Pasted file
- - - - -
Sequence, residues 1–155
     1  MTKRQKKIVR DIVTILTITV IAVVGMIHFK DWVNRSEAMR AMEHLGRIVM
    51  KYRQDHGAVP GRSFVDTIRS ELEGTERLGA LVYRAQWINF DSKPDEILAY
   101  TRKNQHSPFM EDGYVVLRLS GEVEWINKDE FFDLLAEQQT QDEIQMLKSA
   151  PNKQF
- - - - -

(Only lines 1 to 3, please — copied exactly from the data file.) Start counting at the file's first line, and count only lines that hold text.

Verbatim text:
Sequence, residues 1–155
     1  MTKRQKKIVR DIVTILTITV IAVVGMIHFK DWVNRSEAMR AMEHLGRIVM
    51  KYRQDHGAVP GRSFVDTIRS ELEGTERLGA LVYRAQWINF DSKPDEILAY